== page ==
The conversation: How to save Detroit
To photographer Jim Griffioen, news of Detroit's shrinking population -- from 1.8 million in 1950 to 714,000 in 2010 -- must not have come as a surprise. He's spent years documenting the city's decline in "The Disappearing City," taking a special interest in abandoned schools, lost neighborhoods and "scrappers." Pair Griffioen's visuals with the U.S. Census data and it's impossible to ignore the plight of Detroit. The issue now becomes how to handle the boom city that went bust.
Stop arguing about what happened and start focusing on what to do now
The important thing now is for everyone to accept that this is a fundamentally changed city, a hollowed-out version of the Detroit that boasted 1.8 million people in the mid-1950s. […]
Downtown and Midtown, which are attracting new workers and residents, have to be girded with services that will continue to attract and retain people. And services won't get better until they're not spread over such a large, depopulated area.
Programs such as Live Detroit, which will see the Detroit Medical Center, Wayne State University and Henry Ford Health Systems give cash to employees who move to the city, are models that might have potential for moving residents around the city as well.
It will take a nation to save a city
There are all sorts of implications here, both for Detroit and for the nation. The 2010 census counts for Detroit (and Chicago) were much lower than local officials, and earlier census estimates, had predicted. That raises the question of whether there were problems with the count last year or in 2000, setting false benchmarks. Detroit officials say they plan to challenge the numbers, and Mayor David Bing announced he wants to find 40,000 Detroiters who were missed to try to push the count above the 750,000 mark, a key threshold for formulas used in distributing federal urban aid.
But there are two larger issues that have broader national implications. The first is, when we look at Detroit, are we confronted with the remnants of the nation's industrial past or a harbinger of its urban future?
The second is, what are we going to do about it? And no, that's not Detroit's problem alone. If a similar collapse happened to San Francisco or San Diego or Denver or Dallas, there would be national cries for intervention. Detroit we treat like a crash on the freeway: something to gawk at, then forget while we blame auto executives — the driver — for their follies and ignore the injured passengers.
It's time to "unbuild and reinvent"
What we need is a new mindset. Physical growth has been a powerful American narrative, embodied in huge public expenditures from the Louisiana Purchase to the Interstate Highway System and the mortgage interest deduction. The nation now needs a parallel commitment to physical ungrowth. Ungrowth is not surrender but a phase of urban evolution.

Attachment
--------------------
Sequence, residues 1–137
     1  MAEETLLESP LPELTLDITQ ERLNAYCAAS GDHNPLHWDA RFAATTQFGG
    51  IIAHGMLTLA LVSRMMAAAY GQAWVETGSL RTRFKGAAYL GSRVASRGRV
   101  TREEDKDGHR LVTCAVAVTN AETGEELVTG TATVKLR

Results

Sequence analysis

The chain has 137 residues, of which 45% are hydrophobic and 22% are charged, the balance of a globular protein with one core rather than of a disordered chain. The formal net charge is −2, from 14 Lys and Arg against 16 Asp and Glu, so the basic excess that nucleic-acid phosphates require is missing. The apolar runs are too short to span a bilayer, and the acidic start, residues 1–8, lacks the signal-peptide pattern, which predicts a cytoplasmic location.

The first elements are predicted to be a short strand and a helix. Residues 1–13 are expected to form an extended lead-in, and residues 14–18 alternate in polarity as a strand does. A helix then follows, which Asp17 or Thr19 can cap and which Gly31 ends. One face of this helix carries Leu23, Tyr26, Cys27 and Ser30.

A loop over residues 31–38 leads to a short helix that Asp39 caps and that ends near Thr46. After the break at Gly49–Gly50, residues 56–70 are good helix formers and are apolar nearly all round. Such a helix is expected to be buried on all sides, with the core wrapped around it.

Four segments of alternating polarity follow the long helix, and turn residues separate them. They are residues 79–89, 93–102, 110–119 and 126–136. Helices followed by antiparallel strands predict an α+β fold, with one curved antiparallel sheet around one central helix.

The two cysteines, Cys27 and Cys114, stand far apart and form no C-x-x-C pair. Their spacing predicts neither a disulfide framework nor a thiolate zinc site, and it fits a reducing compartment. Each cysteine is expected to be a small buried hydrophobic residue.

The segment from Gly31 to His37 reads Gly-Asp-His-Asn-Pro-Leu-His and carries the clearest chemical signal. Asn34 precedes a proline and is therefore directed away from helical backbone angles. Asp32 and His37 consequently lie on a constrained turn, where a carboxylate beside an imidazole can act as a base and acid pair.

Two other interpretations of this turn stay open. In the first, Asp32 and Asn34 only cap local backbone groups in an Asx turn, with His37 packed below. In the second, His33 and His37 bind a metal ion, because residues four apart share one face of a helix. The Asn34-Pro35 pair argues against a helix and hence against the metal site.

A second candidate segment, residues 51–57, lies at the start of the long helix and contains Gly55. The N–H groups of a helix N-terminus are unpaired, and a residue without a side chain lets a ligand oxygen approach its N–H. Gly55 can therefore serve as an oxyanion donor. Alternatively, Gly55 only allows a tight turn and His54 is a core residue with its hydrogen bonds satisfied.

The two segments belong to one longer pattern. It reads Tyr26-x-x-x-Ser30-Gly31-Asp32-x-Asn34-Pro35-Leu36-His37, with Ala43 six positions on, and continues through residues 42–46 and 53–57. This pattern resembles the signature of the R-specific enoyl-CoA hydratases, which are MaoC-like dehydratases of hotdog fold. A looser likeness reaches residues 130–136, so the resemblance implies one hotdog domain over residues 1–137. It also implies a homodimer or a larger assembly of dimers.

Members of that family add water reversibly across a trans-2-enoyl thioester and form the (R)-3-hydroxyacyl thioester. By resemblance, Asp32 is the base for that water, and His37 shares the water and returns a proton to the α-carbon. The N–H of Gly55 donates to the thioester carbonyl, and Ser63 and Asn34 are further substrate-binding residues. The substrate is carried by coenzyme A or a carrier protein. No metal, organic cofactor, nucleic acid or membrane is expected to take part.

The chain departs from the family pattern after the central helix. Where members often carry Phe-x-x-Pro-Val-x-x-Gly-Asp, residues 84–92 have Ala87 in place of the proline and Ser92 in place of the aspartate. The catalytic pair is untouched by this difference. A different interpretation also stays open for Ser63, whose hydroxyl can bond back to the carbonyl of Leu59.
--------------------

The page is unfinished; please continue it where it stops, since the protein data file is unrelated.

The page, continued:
Remaking a city is breathtakingly expensive, and the market won’t do it. Indeed, the lack of a robust land market is part of the problem in shrinking cities. It costs about $10,000 to demolish a single-family home in Detroit; about 12,000 vacant homes there need demolition. And clearing the land is just the beginning. Philanthropy has stepped up in Detroit and elsewhere, but the need exceeds most foundations’ resources. […]
Americans have been spending for growth for centuries. Our commitment to ungrowth, and new ideas about how cities change and what they look like, needs to be sustained for decades.
Move to Detroit… for the water
Whatever energy alternatives the vicissitudes of oil pricing and availability drive along the way, concerns with accessible power sources will pale alongside the specter of thirst and hunger arising from a shortage of the world's most basic source of survival, H2O. […]
At a time when public budgets and political will show no appetite for the kinds of massive (read: costly) governmental infrastructure needed to transfer water supplies to places where they don't exist, such localized, low-cost concentration offers even more evidence for the Motor City's eventual and promising rebirth.
Don’t shrink Detroit, super-size it
Super-sizing Detroit isn't just about better numbers, its about better policy. When Indianapolis enacted a similar "Unigov" city-suburbs merger in the late Sixties (under Republican mayor Dick Lugar), the region experienced economic growth (and the benefits of economy of scale), AAA municipal bond-ratings and a broader, more stable tax base. The same could happen in metropolitan Detroit, which sorely needs to attract young people and entrepreneurs in order to fill the void left by the region's dwindling manufacturing base. Elastic cities are less segregated and have fewer of the problems associated with concentrated areas of poverty. And though sprawl wouldn't necessarily be reined in, the region could finally adopt a sensible transportation policy to unite its businesses and residential areas. At the moment, suburban Detroit maintains its own bus system, separate from the city's, and a planned $150 million light rail project, slated to run from downtown Detroit up the main thoroughfare of Woodward Avenue, would nonsensically stop at 8 Mile Road, the suburban border. That's a formula to limit, not maximize, growth.
--Alexandra Le Tellier
Photo: Robinwood Street, off Woodward Avenue in Detroit, is now burned-out homes and a dumping ground for tires and hazardous materials. Credit: Max Ortiz / Detroit News